Time Inc. CEO Ann Moore has extended her reign at the world's largest magazine company for another three years, signing a contract extension that will carry her through 2012, reports the New York Post's Keith Kelly. It's a small bit of continuity for a company whose future is very much up in the air these days, with many observers predicting that corporate parent Time Warner (TWX) will spin off or sell the publishing unit, which lost $32 million in the most recent quarter. (Time Warner also owns DailyFinance parent AOL, although it recently disclosed plans for a spin-off.)
Does the decision to re-up Moore, who's been in the job since 2002, give any hint as to Time Warner chairman Jeff Bewkes's plans for Time Inc.? While not necessarily evidence that a spin-off is on the way, analysts say it is consistent with that scenario, which they consider a strong likelihood.
"They've gotta either spin it off or sell it, and there are no buyers for it, so it's got to be spun off," says Mark Edmiston, managing director of AdMedia Partners.
Reed Phillips, managing partner at DeSilva & Phillips, agrees, though with a qualification. "It depends on what their horizon is," he says. "A spin-off is the most likely outcome in the next year or the next six months." After that, he says, the M&A environment should be sufficiently recovered that a sale will be possible.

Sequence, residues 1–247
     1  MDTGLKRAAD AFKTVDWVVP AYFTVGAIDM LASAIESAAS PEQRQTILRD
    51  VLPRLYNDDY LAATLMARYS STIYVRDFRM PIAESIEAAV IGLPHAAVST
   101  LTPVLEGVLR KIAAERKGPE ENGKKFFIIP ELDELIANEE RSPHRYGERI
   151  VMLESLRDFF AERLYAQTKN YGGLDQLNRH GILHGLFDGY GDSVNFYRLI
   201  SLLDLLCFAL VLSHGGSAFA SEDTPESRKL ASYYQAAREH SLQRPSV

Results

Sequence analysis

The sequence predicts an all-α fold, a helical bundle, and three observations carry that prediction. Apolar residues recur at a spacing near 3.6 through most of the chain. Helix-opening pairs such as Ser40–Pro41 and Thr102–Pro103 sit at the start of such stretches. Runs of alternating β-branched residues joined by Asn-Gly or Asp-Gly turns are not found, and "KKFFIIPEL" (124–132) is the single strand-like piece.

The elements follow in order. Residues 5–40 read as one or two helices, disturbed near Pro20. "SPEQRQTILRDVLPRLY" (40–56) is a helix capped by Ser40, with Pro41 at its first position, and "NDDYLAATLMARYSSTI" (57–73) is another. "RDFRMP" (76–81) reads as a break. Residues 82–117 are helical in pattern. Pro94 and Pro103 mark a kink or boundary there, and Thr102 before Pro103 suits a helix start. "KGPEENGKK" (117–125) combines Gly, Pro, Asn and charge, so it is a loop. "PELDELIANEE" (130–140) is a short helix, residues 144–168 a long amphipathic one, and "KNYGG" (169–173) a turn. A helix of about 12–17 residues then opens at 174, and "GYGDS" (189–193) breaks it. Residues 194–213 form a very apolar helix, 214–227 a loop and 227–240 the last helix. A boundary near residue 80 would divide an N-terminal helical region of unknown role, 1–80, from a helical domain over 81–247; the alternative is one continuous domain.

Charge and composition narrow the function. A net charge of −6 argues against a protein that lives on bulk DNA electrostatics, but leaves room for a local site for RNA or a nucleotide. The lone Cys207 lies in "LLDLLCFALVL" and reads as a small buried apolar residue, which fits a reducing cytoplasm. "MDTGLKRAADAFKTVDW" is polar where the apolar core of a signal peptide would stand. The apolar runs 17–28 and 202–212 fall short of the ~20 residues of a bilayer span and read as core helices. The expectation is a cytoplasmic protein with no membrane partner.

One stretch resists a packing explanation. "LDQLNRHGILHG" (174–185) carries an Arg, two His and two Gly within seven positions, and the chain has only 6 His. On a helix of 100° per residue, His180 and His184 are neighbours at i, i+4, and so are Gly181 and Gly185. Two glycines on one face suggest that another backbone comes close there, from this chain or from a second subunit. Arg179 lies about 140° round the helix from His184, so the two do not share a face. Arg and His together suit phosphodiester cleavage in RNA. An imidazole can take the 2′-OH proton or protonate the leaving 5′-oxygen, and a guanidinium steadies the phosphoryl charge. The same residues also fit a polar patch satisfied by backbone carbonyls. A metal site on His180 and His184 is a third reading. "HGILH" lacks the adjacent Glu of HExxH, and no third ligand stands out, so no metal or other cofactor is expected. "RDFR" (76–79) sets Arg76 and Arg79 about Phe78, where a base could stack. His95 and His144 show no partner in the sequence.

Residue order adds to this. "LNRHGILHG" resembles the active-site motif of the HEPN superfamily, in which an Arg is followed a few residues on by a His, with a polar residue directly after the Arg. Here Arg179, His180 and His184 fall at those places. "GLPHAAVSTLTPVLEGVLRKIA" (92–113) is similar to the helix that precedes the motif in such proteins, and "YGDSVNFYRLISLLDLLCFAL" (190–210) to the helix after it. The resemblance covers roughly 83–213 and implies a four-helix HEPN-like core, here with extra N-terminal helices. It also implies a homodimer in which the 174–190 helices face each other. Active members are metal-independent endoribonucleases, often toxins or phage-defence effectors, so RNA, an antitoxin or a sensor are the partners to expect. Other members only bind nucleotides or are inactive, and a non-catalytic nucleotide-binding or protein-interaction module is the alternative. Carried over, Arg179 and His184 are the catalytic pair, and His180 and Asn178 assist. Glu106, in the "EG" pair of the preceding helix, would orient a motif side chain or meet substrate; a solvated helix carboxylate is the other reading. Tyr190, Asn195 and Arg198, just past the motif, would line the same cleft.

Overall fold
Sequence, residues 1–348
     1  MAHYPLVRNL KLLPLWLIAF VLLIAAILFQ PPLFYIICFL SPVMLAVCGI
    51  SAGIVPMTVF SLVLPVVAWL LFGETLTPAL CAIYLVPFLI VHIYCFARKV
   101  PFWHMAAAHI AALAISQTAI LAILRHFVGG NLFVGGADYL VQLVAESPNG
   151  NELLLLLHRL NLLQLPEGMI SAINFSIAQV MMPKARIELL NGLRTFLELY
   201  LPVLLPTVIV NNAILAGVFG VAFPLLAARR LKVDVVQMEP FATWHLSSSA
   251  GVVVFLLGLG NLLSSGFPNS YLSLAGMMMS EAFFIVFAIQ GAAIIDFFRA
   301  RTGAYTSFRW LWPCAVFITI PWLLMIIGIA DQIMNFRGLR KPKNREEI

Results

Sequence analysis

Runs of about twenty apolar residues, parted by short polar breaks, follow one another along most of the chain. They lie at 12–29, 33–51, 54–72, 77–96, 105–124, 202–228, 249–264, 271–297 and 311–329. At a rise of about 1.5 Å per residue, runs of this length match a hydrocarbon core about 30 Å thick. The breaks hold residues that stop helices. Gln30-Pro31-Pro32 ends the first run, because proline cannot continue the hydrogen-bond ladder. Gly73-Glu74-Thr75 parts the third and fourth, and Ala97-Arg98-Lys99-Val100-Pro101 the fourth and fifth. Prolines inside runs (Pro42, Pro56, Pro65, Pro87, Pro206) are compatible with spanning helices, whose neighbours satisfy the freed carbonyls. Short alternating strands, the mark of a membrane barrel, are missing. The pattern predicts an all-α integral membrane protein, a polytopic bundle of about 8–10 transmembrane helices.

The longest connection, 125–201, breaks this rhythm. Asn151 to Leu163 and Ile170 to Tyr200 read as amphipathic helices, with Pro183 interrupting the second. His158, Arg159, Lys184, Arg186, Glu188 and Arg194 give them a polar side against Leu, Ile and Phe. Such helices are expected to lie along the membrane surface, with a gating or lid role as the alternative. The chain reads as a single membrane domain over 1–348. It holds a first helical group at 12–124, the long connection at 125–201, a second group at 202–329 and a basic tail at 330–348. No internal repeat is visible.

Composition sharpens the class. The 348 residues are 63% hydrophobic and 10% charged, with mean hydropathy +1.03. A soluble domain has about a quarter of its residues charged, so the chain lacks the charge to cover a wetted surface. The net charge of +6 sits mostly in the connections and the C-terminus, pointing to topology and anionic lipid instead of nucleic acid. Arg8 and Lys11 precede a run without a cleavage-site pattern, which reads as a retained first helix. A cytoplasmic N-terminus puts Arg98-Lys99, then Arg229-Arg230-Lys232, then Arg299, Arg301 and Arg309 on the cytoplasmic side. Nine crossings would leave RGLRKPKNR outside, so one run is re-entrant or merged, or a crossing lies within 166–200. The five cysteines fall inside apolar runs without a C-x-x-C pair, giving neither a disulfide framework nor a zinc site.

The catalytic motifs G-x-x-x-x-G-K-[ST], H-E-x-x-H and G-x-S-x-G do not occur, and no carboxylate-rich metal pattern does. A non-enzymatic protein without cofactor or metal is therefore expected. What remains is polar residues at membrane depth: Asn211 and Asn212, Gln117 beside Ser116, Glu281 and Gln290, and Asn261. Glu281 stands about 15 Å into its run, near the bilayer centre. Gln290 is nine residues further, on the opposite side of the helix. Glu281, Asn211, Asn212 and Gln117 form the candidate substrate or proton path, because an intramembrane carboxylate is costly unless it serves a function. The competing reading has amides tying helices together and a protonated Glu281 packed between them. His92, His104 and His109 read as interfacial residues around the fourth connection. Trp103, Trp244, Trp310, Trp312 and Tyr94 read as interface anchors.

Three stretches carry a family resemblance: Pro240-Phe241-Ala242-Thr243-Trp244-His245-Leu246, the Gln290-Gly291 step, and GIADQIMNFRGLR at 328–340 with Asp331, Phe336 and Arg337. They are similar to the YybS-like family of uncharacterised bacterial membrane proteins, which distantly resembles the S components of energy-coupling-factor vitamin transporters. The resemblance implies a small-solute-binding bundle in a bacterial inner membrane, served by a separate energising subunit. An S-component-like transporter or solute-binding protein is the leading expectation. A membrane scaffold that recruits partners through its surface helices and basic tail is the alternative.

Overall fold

Keeping Time Inc.'s current leadership in place gives Time Warner extra flexibility to choose between those courses of action, says Mike Vorhaus, president of Magid Advisors. "I think if anything this is probably a reflection that they're going to give themselves time to do this," he says. "It probably has to do with when they think they can get a fair price."
Phillips believes renewing Moore's contract may be less telling than another executive move Time Inc. made this week: reassigning senior vice president John Squires, who had been running the news and business group (which includes Time and Fortune magazines), "to develop a strategy for the portable digital world and to refine our views on paid content."
"That's exactly what a buyer will be focused on," says Phillips. "That's probably the most important thing they'll be looking at."
Edmiston, meanwhile, suspects that Moore may not serve out her full term if the spin-off he expects comes to pass. "If I were spinning it off, I'd want to have somebody in there with experience running a public company," he says. "Ann doesn't have that. She's always been a division head."
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